Articles Tagged with Equal Protection

Is Demonstrated Animus Irrelevant After Trump v. Hawaii?

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Chapman University Fowler School of Law professor Celestine McConville considers whether the US Supreme Court’s decision in Trump v. Hawaii establishes a new equal protection rule regarding when the presence of government animus will invalidate government action. McConville points out that under Trump, a stated nondiscriminatory justification will outweigh demonstrated animus, provided the means are “plausibly related” to that justification—a bar so low, she argues, it does a disservice to the integrity of equal protection doctrine.

Does the Constitution Permit a State to Abolish Marriage?

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Cornell University law professor Michael C. Dorf considers whether, in protest of the Supreme Court’s recognition of the constitutional right to same-sex marriage, states can “get out of the marriage business” altogether. Dorf explains that abolishing marriage for everyone likely poses no equal protection issues, and points out some interesting and unique characteristics about marriage as a fundamental right.

Policing Sexism at the Border: The Supreme Court’s Decision in Sessions v. Morales-Santana

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SMU Dedman School of Law professor Joanna L. Grossman comments on the U.S. Supreme Court’s recent decision in Sessions v. Morales-Santana, in which the Court held unconstitutional a federal law imposing different physical presence requirements on mothers as compared to fathers. Grossman argues that the law at issue epitomized sex discrimination and was rooted in archaic generalizations about parents based on gender.

Supreme Court Rules That Citizenship Must Be Equally Heritable Through Fathers and Mothers

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Cornell University law professor Michael C. Dorf comments on a recent decision by the U.S. Supreme Court on the heritability of citizenship and explains why the decision might have implications for other immigration issues, such as the “Muslim ban” executive order. Dorf argues that the precedents the Court had to distinguish to reach its conclusion might give some insight into whether and how it might defer to other political branches on immigration issues.

Blue for Boys, White With Flowers for Girls: When Commencement Is an Exercise in Discrimination

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Hofstra University law professor Joanna L. Grossman and Duke law professor Katharine T. Bartlett explain why a high school policy prescribing one color of robes for boys and another color for girls violates both the Equal Protection Clause of the Fourteenth Amendment and Title IX. Grossman and Bartlett describe how this controversy could be easily resolved, as other schools have resolved other similar controversies.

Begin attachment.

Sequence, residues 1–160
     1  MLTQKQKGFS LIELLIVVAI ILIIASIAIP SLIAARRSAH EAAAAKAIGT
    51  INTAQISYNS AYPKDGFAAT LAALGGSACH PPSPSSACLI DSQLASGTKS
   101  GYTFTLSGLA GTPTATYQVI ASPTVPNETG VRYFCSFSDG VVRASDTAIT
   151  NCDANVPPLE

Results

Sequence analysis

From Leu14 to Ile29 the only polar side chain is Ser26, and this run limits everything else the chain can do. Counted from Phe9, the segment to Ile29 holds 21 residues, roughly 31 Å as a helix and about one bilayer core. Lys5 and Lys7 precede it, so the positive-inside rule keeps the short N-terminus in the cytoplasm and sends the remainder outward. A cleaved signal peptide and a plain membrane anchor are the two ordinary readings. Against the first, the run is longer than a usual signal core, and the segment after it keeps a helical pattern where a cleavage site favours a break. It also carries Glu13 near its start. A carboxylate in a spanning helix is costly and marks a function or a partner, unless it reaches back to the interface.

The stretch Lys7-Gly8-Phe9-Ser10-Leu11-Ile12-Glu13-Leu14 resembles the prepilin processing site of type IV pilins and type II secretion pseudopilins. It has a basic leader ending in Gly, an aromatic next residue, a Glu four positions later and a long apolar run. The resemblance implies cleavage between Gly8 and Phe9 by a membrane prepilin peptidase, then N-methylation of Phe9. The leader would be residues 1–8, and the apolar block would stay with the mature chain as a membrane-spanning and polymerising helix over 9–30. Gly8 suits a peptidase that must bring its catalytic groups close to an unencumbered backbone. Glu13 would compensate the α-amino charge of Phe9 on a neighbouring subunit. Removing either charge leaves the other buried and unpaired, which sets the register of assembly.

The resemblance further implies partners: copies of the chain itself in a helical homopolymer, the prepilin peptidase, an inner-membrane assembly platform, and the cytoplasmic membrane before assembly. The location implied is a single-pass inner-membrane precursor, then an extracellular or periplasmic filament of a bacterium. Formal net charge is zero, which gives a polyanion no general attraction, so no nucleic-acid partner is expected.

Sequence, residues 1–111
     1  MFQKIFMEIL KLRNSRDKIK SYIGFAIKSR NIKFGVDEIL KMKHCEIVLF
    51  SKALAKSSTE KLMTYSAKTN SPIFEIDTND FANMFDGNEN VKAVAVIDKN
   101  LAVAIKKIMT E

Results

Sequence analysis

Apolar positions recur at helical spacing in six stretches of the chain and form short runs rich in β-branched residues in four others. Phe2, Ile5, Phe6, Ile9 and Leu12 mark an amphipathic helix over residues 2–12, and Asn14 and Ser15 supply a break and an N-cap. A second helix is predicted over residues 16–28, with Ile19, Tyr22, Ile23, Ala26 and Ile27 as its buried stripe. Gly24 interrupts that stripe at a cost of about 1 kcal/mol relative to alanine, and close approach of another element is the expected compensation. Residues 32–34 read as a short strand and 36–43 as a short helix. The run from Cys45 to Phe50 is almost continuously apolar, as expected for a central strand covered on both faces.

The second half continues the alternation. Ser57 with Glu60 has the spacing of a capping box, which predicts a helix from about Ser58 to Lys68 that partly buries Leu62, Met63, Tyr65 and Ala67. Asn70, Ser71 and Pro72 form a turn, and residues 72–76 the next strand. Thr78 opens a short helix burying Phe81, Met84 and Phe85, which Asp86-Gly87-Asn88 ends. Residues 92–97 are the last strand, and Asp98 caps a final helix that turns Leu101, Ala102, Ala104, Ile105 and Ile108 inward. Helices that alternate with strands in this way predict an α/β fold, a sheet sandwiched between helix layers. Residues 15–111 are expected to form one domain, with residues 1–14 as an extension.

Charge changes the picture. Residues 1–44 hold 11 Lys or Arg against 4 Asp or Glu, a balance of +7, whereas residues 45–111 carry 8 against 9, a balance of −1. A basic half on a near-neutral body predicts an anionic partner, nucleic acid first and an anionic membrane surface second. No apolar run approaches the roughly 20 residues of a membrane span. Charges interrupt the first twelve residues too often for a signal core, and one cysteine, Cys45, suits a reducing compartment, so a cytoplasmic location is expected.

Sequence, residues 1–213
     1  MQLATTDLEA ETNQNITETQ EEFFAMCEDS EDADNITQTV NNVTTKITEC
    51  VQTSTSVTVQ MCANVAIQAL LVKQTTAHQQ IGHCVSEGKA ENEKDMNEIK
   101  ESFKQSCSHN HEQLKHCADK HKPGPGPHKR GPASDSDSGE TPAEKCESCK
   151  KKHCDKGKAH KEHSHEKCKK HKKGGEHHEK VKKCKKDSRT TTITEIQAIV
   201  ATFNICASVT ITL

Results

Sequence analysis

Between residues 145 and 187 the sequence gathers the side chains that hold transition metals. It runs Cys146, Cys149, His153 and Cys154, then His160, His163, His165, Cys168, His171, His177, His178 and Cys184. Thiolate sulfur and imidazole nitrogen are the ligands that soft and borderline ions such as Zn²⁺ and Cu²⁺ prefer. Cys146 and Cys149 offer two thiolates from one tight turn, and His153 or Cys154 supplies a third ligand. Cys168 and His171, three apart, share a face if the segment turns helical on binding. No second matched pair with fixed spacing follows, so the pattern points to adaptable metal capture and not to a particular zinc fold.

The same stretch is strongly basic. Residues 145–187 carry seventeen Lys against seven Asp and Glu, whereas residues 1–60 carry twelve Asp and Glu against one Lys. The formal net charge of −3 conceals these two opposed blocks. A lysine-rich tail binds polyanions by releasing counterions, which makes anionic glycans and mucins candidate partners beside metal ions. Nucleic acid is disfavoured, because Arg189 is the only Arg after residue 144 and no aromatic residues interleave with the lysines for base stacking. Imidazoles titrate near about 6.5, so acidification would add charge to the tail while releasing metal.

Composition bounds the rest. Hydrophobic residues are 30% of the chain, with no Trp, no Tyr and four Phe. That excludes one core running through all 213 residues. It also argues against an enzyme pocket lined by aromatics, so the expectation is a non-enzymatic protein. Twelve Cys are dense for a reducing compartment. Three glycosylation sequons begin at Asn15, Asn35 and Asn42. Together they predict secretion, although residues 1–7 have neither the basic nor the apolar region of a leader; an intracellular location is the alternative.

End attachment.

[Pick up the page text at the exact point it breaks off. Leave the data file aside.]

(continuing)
Meet our Columnists

Vikram David Amar

Vikram David Amar is the Dean and Iwan Foundation Professor of Law at the University of Illinois College of Law on the Urbana-Champaign campus. Immediately prior to taking the position at Illinois i... more

Neil H. Buchanan

Neil H. Buchanan is an economist and legal scholar and a Professor of Law at The George Washington University. He teaches tax law and tax policy, and he has taught contract law, law and economics, and... more

Sherry F. Colb

Sherry F. Colb is Professor of Law and Charles Evans Hughes Scholar at Cornell University. Colb teaches courses in constitutional criminal procedure, evidence, and animal rights. She has published a... more

John Dean

John Dean served as Counsel to the President of the United States from July 1970 to April 1973. Before becoming White House counsel at age thirty-one, he was the chief minority counsel to the Judiciar... more

Michael C. Dorf

Michael C. Dorf is the Robert S. Stevens Professor of Law at Cornell University Law School. He has written hundreds of popular essays, dozens of scholarly articles, and six books on constitutional law... more

Joanna L. Grossman

Joanna L. Grossman is the Ellen K. Solender Endowed Chair in Women and Law at SMU Dedman School of Law.  She is an expert in sex discrimination law. Her most recent book,  more

Marci A. Hamilton

MARCI A. HAMILTON is the Robert A. Fox Leadership Program Professor of Practice, and Fox Family Pavilion Resident Senior Fellow in the Program for Research on Religion at the University of Pennsylvani... more

Joseph Margulies

Mr. Margulies is a Professor of Law and Government at Cornell University. He was Counsel of Record in Rasul v. Bush (2004), involving detentions at the Guantánamo Bay Naval Station, and in more

Anita Ramasastry

Anita Ramasastry is the UW Law Foundation Professor of Law at the University of Washington School of Law in Seattle, where she also directs the graduate program on Sustainable International Developmen... more

Lesley Wexler

Lesley Wexler is a Professor of Law at the University of Illinois College of Law. Immediately prior to taking the position at Illinois, Wexler was a Professor of Law at Florida State University, whose... more